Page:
When I began reading The Invention of Wings, I thought it was purely historical fiction. It wasn’t until later in the novel, when some names rang a few bells, that I realized I was reading biographical fiction about two women whose accomplishments have been forgotten—Sarah and Angelina Grimké. A third important character, the slave Hetty, is fictional, except that Sarah was given a slave by that name when she was 11 and they both got into trouble when Sarah taught her to read.
The novel tells a remarkable story, narrated alternately by Sarah and Hetty (known as Handful), beginning in 1803. Sarah was born into privilege in Charleston, South Carolina. When she is given Handful as an 11th birthday present, slavery is already so abhorrent to her that she tries to free her slave. But legally doing so has been made more difficult, and her parents won’t allow it. Sarah is her father’s pet, and he takes pride in and encourages her intelligence, but when he finds out she thinks she can become a lawyer, he firmly rebukes her and bars her from his library.
Handful’s mother Charlotte is a strong and rebellious figure and a wonderful artist. She is the best seamstress in town and keeps the history of her life in a quilt she is sewing. By earning money hiring herself out behind Mrs. Grimké’s back, she is trying to save enough to buy the freedom of herself and her daughter. After Sarah’s mother has her brutally punished, she takes whatever liberties she can get away with, including sneaking away to have an affair with a freedman named Denmark Vesey.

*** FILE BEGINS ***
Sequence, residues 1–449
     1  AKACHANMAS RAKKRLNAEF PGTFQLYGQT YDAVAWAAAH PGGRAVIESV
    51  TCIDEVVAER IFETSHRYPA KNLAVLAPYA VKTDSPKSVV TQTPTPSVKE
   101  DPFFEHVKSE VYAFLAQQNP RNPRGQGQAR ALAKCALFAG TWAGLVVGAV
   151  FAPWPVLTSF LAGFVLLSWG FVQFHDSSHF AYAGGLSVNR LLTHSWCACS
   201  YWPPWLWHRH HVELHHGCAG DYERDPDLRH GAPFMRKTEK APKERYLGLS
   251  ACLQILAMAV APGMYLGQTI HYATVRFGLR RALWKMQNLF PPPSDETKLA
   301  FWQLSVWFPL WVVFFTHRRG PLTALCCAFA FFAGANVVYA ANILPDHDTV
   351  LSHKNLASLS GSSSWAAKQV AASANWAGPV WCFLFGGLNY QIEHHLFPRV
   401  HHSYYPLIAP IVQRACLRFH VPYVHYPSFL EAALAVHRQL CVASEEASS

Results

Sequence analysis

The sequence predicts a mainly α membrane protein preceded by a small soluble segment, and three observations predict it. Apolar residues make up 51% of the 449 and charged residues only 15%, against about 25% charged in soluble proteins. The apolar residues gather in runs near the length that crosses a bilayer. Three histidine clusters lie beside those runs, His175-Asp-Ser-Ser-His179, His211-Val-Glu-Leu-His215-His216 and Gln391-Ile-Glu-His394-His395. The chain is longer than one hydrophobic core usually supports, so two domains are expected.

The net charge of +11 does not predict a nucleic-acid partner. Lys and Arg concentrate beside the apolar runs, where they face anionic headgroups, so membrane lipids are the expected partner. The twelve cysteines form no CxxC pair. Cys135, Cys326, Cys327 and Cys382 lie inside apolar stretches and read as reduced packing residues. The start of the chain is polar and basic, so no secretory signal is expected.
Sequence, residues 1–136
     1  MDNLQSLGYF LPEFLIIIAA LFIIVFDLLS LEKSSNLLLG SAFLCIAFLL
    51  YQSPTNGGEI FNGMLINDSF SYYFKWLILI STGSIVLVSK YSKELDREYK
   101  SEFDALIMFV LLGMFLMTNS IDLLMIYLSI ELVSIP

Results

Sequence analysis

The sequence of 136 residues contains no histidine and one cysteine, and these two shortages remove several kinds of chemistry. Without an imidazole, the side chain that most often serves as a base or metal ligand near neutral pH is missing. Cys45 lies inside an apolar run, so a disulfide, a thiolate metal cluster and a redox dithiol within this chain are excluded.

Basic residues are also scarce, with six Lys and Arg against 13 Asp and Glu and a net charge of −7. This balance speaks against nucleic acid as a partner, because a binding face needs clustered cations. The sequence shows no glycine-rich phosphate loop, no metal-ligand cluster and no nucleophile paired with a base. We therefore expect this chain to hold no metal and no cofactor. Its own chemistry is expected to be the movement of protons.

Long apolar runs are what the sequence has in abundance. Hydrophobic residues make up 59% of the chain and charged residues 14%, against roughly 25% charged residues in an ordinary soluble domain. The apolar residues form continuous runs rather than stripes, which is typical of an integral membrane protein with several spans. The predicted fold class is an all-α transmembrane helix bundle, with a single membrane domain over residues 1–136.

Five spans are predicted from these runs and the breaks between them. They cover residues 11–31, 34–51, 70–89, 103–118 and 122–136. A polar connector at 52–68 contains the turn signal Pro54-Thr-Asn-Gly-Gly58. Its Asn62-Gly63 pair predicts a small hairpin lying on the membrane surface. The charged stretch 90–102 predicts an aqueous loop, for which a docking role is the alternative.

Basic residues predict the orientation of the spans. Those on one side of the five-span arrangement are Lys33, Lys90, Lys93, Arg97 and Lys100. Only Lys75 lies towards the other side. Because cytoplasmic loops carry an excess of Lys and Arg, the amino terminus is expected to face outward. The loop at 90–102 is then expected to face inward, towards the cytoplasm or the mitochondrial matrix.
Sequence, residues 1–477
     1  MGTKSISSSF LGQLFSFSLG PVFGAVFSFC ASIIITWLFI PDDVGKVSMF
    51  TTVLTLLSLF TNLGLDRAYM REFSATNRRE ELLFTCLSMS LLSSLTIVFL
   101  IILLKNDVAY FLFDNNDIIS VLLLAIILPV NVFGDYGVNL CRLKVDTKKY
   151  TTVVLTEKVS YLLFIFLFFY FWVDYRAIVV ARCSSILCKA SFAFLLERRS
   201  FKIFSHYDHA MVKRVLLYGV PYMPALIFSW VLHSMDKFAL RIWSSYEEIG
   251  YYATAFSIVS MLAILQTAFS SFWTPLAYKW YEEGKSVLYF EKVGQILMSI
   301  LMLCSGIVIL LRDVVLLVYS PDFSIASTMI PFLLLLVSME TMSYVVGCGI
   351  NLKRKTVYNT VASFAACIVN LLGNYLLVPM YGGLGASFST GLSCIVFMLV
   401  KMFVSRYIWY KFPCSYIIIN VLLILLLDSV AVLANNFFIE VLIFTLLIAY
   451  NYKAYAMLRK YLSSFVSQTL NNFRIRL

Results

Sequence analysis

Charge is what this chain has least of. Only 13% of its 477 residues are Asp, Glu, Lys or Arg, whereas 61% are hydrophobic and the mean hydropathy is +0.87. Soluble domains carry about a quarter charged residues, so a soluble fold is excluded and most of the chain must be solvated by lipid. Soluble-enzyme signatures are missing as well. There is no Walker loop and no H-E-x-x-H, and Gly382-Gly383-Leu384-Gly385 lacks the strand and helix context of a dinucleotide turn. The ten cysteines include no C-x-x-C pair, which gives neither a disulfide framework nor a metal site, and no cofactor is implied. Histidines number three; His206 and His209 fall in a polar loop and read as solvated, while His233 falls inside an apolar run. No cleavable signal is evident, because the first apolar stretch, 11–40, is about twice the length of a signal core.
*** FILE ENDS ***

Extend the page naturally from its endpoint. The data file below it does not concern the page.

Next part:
As Sarah gets older, her sense of injustice deepens to the point where feels she must leave Charleston to move north to Philadelphia and become a Quaker. She is eventually followed by her much younger sister Angelina (Nina), where they become infamous for their lectures and articles on abolition, racial equality, and feminism.
For the first half of the book, I was fascinated most by Handful, a character with a distinctive voice and personality. She becomes as gifted with her needle as her mother and loves to hear Charlotte’s stories of her African homeland. More subtly subversive then her mother, after Charlotte disappears, Handful visits Denmark Vesey’s household and assists with his attempted slave revolt. Later when Sarah and Nina find their purpose in life, I found both stories equally interesting.
This novel is remarkable. The Grimkés’ story is amazing, especially for their time, which was years before Uncle Tom’s Cabin. But Handful’s story is evocative, compelling, and touching.